If you’re new to the scene, you look at the ‘Top 8’ of the coolest person you know, see what music they list in their ‘fave music’ section — see there’s a Cobrasnake watermarked photo, then another and another. You start going to those parties. If you were shot by a party photographer, it might show up in VICE or some other little music magazine. Now your photo is in print, so you feel like the scene is famous. So, by default, you’re famous, almost famous.
And you didn't have an Instagram feed. Everyone will recount to me like, “I kept refreshing the browser waiting until the Cobrasnake gallery was up”. I was always trying to do it before going to bed.
I got linked on Kanye's website back in the day. I was the top link on all these blogs I’d never seen. Now, Kanye's so big… but back then his website was so rudimental, it had a links page and I don't know what else… I have a screenshot somewhere. I really wish I was more organized because I need to be posting more of this stuff.
But… there was totally this global hipster hotline. I could go to the UK, I'd be in London and I'd hang with the right people there. Like a young Alexa Chung and Dev Hynes, the Arctic Monkeys or the Klaxons. In Australia, it was modular records and Bang Gang. Cut Copy. Just anywhere you went you could find the scene.
**I’m curious how style differed in various cities. I know you were really into thrifting.
**In the early Art Basel years, like 2007, I would stay an extra day or two and go to the outskirts of Florida and get the most insane Disney stuff. It was cool because everything had a time or a location stamp on it. If you hit Florida, you’re going to get Disney stuff. If you end up in the Midwest — Western clothes, obscure beer shirts and Harley Davidson.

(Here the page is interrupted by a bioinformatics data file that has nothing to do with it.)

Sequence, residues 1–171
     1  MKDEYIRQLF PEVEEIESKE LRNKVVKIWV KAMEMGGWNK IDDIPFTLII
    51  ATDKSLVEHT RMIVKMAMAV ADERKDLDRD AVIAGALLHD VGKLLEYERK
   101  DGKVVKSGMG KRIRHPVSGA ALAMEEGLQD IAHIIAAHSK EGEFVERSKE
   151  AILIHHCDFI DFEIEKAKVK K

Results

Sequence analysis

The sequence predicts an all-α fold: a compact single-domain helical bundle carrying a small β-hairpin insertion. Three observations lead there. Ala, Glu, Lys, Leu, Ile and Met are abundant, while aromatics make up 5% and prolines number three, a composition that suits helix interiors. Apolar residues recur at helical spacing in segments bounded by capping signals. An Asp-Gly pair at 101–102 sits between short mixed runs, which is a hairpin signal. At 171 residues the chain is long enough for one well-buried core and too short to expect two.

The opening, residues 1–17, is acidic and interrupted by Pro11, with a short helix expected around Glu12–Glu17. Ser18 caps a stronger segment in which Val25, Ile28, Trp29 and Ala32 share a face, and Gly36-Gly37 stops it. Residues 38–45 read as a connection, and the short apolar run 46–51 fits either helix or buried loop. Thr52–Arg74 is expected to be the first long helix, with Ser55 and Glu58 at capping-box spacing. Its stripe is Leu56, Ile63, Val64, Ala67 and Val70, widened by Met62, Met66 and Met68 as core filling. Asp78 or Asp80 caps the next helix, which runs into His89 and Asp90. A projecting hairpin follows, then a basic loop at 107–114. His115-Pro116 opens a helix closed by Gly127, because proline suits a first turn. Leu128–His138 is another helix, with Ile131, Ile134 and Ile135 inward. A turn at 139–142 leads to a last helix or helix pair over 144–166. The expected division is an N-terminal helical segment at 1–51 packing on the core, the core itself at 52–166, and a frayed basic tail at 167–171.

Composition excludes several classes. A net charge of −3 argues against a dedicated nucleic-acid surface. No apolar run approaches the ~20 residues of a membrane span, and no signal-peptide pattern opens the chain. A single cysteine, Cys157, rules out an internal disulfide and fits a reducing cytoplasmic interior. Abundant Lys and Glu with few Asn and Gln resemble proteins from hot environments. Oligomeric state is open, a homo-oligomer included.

I blame Macklemore for blowing thrifting up for everybody. Back then, it was almost looked down on, kinda like it still is to take the bus… You could find such treasures. I got burnt out on shopping for men’s T-shirts, so I started collecting crazy clothes in Vegas. I ended up with two trash bags there.
**God, trash bags when they sold the clothes by the weight, that was later widely labeled “hipster”, what started as this punk or indie DIY broke culture. Like, skinny jeans started because they were 80s thrift store jeans. Broke culture was do-able. Even if you didn’t have the internet, you could go check your MySpace at the library, see what events people were posting on the little RSS feed.
**Yeah and that ethos shifted. Maybe due to celebrity culture, the Kardashians or just influencer culture being about having the latest, next best thing. That's never been my vibe; I've always just done my thing. Keeping up with the Joneses is too expensive. But still, there was a sort of alternative unofficial influencer culture. You brought up Sparks — these marketing companies would send just cases of Sparks to people, or Converse or whatever it was, in hopes they would wear them out. That's what fueled parties in those days. Because Toyota Scion or T-Mobile were hosting and they could afford to have The Strokes play, no cover, like what seemed like once in a lifetime opportunities.
**Yeah, I think it also has to do with shooting the celebs, the DJs or bands and the scene stars all together. Some people would become “influencers”, but a lot weren’t interested in that; some people were famous or they were models; most everyone was creative and it could be hard to tell who was who in the photos. Once Instagram became obligatory, things became more corporate. It's buttoned up. It's associated with your job. You know what I mean?
**People know their good side. They’re like, "I don't want to look messy." But with Euphoria being the top show and this new celebration of indie sleaze, I feel we are going to get back to where it's cool to be messy, it's sexy to look a little bit unhinged. Anybody can look great if they’re really posed… but can you look really cool, unhinged?